60th anniversary calls for proactive rules for growth
South Korea saw its benchmark KOSPI touch 2,000 points for the first time in July 2007. But it suffered an extreme bear market in the wake of the global financial crisis, falling to 938.75 on Oct. 23, 2008.
The first-tier equity index rapidly regained to hit a new historic record of 2,228.96 on May 2, 2011, raising hopes that it might break through the 2,500 barrier to approach 3,000 points within a few years. This was too rosy a forecast.
Unlike some brokerage firms' predictions, the KOSPI has been locked up in a "box pattern" ranging between 1,800 and 2,150 since it peaked at the all-time high five years ago.
Over the past three months, it has stayed below the 2,000 mark. This year it is further frustrating investors with its bearish status extending to 1,840.53 during a trading session.
Analysts point to a variety of external risks in explaining why the KOSPI has been unable to rise further, despite the robust fundamentals of a group of blue chips.
Meanwhile, small investors say differently. Many say on stock bulletin boards that local institutional investors are struggling to find reasons in a bid to pull down equity prices and profits via short selling.
Securities firms' research appears to be losing credibility. When a brokerage house touts a buy recommendation for a company, many small investors seem to regard it as a signal to sell the shares, and vice versa.
Individuals' distrust of brokerage reports is attributable to the losses they have experienced after following recommendations by some securities firms.
Some brokerages tout sell recommendations when an undervalued company's stock price plunges, hit by massive institutional short selling. When some individuals sell shares in fear of further losses, institutions snap them up to cover their short sales -- and rake in a profit.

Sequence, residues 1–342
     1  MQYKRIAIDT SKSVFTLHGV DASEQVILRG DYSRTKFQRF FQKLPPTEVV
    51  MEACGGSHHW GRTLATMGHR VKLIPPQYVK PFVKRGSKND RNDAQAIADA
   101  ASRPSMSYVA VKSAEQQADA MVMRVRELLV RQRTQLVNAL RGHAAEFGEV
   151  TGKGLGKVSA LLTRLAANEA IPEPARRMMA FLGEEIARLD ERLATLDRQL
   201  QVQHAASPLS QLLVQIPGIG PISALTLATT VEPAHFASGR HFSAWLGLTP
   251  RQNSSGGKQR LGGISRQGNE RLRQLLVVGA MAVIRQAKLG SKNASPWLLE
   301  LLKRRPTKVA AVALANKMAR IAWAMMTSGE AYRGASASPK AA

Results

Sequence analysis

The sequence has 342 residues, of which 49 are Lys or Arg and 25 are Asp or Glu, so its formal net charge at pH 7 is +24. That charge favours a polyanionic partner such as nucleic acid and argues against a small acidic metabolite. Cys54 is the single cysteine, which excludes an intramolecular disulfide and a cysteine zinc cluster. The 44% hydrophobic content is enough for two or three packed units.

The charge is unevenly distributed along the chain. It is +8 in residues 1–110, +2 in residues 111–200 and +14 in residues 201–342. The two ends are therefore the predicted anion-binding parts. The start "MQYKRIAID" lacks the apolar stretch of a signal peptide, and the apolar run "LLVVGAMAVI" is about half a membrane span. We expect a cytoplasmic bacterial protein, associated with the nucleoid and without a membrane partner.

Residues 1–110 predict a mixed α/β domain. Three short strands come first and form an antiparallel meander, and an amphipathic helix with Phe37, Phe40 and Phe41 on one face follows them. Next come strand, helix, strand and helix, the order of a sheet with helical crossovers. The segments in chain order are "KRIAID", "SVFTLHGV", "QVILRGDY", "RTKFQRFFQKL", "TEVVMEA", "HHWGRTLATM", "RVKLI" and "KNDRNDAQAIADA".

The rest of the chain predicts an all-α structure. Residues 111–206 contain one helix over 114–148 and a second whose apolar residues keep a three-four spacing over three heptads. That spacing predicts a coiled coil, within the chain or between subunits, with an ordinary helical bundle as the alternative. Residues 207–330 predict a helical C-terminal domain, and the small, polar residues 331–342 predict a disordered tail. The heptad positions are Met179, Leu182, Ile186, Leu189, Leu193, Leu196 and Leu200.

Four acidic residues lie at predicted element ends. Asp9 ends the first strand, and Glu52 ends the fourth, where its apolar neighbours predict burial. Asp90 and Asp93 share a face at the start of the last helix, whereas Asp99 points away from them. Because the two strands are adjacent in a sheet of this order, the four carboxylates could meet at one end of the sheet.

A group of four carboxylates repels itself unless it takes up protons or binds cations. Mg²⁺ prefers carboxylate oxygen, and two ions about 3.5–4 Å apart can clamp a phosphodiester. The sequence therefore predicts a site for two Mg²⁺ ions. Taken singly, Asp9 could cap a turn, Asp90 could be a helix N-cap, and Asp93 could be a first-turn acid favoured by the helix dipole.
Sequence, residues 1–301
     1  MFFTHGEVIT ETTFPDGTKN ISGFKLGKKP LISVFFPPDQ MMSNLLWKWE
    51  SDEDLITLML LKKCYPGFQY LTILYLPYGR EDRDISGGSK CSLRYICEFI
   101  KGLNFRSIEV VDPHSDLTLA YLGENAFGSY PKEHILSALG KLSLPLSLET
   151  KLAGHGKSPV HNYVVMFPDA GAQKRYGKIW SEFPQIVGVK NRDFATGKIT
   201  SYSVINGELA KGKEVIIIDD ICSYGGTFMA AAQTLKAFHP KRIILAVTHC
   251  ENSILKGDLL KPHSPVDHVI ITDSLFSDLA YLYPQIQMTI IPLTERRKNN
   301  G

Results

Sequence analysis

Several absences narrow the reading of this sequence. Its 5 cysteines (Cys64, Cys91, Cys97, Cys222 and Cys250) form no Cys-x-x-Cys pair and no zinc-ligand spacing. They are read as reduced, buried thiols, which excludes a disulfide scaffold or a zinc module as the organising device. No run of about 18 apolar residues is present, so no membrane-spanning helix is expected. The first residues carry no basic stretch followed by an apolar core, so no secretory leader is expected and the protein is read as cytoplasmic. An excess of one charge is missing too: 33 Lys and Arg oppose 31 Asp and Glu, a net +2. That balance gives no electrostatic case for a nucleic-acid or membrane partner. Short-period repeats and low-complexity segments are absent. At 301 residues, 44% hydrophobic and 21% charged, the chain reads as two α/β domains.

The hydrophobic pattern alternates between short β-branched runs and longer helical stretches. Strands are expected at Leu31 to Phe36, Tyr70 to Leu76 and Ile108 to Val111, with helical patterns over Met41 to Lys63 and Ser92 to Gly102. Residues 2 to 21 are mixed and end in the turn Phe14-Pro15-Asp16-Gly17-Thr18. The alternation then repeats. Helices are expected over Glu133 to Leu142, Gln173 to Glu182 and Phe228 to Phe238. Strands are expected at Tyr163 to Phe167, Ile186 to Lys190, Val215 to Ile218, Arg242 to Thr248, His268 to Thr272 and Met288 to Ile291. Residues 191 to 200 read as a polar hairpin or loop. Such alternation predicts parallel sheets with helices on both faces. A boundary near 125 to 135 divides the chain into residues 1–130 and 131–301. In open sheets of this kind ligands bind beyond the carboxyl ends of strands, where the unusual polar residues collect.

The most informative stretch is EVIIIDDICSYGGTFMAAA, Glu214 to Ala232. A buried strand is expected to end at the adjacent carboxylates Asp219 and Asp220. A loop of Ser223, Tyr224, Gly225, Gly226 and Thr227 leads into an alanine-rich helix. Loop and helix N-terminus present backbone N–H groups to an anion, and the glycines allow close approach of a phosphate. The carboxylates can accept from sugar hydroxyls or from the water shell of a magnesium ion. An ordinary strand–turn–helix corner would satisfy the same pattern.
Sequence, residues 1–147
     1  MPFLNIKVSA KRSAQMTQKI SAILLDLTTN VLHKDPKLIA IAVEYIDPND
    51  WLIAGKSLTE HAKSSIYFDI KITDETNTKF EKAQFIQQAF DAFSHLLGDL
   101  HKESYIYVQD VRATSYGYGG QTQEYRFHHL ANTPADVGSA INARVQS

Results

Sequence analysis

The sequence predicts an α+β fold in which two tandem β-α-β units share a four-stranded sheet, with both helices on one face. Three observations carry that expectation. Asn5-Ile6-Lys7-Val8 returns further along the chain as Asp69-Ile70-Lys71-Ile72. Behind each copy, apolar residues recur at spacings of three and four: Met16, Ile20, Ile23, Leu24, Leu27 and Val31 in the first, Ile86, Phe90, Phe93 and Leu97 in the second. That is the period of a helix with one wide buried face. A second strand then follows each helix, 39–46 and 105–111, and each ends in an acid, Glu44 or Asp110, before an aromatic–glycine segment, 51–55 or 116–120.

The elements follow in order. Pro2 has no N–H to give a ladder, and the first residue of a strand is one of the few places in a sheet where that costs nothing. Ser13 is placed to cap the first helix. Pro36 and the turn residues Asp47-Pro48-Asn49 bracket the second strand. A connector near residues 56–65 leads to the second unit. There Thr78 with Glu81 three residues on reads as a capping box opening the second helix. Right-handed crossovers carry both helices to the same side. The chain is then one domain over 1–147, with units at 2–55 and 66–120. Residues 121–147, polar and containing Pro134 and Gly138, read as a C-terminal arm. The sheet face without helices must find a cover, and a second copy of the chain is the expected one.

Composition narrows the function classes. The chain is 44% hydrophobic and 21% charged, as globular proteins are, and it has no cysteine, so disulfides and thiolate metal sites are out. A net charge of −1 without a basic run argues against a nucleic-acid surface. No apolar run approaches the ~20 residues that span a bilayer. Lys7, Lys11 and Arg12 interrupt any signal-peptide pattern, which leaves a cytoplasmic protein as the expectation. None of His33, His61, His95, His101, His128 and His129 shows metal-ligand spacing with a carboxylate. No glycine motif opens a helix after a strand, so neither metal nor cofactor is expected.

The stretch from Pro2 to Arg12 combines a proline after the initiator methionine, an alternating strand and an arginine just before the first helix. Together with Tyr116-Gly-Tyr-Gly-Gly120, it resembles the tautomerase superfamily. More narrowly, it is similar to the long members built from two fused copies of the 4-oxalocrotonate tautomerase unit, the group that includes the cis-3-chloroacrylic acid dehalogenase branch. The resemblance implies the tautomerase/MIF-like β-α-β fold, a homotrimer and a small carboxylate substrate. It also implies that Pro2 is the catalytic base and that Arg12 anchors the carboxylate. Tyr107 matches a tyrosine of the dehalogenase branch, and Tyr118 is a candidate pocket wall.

On the other hand, they might recommend individuals buy shares a company whose stock price is unusually high. But the institutions then hand over their own stakes in the company to individuals, or begin short selling with borrowed stocks, in anticipation that prices will fall.
It is true that there will always be winners and losers on the capital market. However, deep-rooted mistrust among small investors due to habitual short selling and misleading reports will ultimately hamper development of the equity market.
On Thursday, Korea's bourse will mark its 60th anniversary. While the KOSPI went through the 1997 currency crisis and the 2008 subprime mortgage crisis, the index has to overcome the short selling power in order to break away from the box pattern.
In Korea, local and foreign institutional investors have been entitled to carry out short selling for 20 years. But individuals are banned from doing so. Some government officials argue that it is difficult to give small investors the same authority, as there is a possibility that they could easily fall into defaults after selling borrowed stocks.
This argument is illogical. Unless there are proactive regulations ensuring a level playing field, the local bourse will lack real competitiveness.
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